the upright triangle represented Divinity and the inverted one human nature... so the two triangles together symbolized the union of the two natures, divine and human.

Moreover,

the Seal represents the number six, which is the number of union and mediation, and also the number of creation, hence of the Word: "The role of the Word in relation to Universal Existence can be indicated by the addition of a cross within the Seal -- the vertical bar links the apices of the two opposed triangles, or the two poles of manifestation, and the horizontal bar represents the 'surface of the Waters.'"

And don't ask me what "the Waters" symbolizes, because we're done speculating. 

Wednesday, June 29, 2022

In the Beginning Were a Couple of Triangles?

In yesterday's post we spoke of what must be the first vertical polarity or distinction within the Godhead. In it, according to Schuon,  

are prefigured or pre-realized all possible complementarities and oppositions: subject and object, activity and passivity, static and dynamic, oneness and totality, exclusive and inclusive...

I'm thinking that this ultimate Principle of Complementarity must be the basis of Bohr's complementarity principle in quantum mechanics -- at least if the latter is ontological and not just an epistemological limitation.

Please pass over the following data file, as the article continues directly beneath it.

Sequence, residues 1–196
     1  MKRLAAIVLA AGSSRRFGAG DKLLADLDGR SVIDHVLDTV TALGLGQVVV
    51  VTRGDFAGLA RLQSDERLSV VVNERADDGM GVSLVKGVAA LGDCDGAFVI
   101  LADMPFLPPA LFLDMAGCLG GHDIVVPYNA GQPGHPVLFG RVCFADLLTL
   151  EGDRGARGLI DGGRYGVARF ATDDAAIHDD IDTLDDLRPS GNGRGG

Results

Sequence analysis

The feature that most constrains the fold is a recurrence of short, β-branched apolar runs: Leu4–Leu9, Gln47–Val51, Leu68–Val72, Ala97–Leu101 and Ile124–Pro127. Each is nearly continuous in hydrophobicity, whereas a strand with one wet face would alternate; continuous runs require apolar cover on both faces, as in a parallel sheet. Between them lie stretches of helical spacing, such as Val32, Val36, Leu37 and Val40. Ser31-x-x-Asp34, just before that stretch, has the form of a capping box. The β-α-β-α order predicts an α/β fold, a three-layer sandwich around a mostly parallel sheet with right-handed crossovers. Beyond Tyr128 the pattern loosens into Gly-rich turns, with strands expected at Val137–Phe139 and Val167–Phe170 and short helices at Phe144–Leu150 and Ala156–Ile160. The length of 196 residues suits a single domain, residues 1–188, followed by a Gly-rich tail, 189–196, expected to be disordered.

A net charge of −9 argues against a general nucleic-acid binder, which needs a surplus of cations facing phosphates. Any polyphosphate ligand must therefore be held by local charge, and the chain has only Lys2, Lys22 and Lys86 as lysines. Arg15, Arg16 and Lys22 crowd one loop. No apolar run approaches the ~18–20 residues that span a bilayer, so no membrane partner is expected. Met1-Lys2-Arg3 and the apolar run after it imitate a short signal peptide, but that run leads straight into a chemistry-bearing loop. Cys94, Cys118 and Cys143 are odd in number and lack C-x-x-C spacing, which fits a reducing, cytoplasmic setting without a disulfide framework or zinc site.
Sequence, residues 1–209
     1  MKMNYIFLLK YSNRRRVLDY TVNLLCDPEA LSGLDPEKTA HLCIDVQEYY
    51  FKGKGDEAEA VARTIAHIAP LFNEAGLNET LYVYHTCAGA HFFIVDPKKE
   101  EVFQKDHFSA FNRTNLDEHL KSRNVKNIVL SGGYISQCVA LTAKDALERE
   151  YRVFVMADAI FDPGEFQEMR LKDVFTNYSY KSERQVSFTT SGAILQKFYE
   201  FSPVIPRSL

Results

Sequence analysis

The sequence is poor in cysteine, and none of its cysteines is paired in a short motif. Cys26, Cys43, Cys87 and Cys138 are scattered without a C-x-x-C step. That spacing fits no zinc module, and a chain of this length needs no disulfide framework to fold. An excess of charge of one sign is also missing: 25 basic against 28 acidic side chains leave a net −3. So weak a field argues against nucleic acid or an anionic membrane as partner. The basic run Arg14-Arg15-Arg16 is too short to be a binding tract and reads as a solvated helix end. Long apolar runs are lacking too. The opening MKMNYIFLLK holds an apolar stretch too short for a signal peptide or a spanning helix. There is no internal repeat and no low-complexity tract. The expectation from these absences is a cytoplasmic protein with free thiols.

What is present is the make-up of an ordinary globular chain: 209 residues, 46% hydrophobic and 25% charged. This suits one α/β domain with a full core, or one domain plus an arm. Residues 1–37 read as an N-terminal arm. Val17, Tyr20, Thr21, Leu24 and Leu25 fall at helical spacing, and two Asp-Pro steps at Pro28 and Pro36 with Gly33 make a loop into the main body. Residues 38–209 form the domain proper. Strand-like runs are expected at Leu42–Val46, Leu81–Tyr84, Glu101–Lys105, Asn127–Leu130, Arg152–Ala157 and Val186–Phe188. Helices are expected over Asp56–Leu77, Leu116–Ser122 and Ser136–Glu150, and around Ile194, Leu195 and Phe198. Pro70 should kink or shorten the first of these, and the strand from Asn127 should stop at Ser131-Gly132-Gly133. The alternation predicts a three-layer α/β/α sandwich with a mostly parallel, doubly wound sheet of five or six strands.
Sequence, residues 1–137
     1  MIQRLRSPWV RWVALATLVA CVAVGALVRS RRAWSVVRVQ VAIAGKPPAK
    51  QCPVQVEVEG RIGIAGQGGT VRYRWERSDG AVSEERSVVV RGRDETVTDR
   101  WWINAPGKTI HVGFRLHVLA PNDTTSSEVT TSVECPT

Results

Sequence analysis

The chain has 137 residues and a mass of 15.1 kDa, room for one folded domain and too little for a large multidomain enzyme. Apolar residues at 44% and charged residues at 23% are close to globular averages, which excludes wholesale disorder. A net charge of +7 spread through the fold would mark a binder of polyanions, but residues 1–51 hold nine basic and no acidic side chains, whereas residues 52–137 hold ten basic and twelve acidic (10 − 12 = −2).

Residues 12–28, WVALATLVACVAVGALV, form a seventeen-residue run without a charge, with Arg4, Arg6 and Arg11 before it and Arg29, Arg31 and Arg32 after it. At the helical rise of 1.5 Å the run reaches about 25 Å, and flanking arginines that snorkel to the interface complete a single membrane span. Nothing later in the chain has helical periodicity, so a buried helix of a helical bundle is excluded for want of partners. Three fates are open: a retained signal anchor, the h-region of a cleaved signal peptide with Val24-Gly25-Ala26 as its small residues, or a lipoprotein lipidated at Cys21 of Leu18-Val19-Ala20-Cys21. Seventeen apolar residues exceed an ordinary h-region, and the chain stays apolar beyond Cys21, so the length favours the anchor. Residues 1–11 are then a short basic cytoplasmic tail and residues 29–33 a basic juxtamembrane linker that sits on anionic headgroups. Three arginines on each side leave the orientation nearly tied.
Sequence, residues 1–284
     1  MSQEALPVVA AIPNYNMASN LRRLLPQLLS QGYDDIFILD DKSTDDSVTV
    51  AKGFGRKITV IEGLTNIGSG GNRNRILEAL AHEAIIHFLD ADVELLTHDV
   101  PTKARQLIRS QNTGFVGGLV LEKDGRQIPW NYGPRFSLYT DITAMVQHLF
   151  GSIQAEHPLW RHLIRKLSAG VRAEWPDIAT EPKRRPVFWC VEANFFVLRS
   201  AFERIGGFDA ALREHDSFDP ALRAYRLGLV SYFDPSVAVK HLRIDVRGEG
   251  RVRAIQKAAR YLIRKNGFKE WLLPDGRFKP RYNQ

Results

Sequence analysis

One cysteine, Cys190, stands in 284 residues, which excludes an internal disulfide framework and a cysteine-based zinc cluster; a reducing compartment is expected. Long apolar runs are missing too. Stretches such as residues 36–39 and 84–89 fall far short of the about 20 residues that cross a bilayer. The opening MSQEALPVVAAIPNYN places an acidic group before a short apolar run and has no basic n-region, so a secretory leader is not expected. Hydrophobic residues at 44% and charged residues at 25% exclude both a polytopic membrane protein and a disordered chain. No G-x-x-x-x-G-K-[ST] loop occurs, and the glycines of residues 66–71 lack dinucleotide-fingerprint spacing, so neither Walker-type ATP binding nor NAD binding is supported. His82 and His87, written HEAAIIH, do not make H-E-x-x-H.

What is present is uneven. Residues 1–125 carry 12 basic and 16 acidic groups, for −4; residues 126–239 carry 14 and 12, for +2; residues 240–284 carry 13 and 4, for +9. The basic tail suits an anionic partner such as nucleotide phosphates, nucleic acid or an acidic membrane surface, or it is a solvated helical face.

I'm no physicist, but back off man, I'm a metaphysician, so I certainly reject the idea that our act of observing creates the reality. If that were the case, then the Dodgers would have won last night, and Trump would still be my president. And if I created Brandon, then being God isn't all it's cracked up to be.

Says here in this book (The Creator and the Cosmos) that there are at least ten other interpretations of quantum mechanics, some of which are actually sane, others even more woowoo than the Copenhagen Weed interpretation -- for example, that "The physical realm is the materialization of pure thought," or "All possible outcomes will actually occur."

Okay Deepak.

Some people will believe anything in order to avoid God. At which point they really become religious. 

Back to that principial and primordial complementarity within the Godhead. I would say that we can and indeed must arrive at this principle via natural reason alone. What we could never know -- at least with certainty -- is of God's tri-complementarity. This must either be revealed or not known at all.

As it pertains to the horizontal, I'm gonna say that every true complementarity we encounter must be rooted in Big Vertical. Importantly, some oppositions are genuine complementarities, while others are merely contraries, dualisms, or privations.

For example, male-female is as true a complementarity as there could be. Likewise subject-object, time-eternity, and self-other. 

Conversely, the progressive left is by no means the complement of conservative liberalism, rather, its negation -- as feminism is the negation of femininity, "homosexual marriage" the negation of marriage, and secular humanism the negation of man.

I say time and eternity are complementary, because I suspect there is something analogous to time in God, only a kind of higher dimensional temporality. The above referenced book got me to thinking about this subject as well, because I've never liked the idea that God is utterly static and changeless. Ever since Plato -- and even before -- a lot of eggheads have considered time to be a mere privation or entropic deterioration.